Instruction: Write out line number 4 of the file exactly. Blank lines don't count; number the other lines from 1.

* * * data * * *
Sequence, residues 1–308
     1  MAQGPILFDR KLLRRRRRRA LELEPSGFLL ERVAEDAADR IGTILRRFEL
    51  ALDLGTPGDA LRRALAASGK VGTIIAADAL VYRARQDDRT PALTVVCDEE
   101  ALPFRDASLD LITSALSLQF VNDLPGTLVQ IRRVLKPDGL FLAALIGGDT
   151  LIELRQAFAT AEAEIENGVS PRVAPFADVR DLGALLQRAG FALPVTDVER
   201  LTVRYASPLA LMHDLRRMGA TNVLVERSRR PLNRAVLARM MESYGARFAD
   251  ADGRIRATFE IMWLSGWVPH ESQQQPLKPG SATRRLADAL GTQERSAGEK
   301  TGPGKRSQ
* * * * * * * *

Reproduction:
   101  ALPFRDASLD LITSALSLQF VNDLPGTLVQ IRRVLKPDGL FLAALIGGDT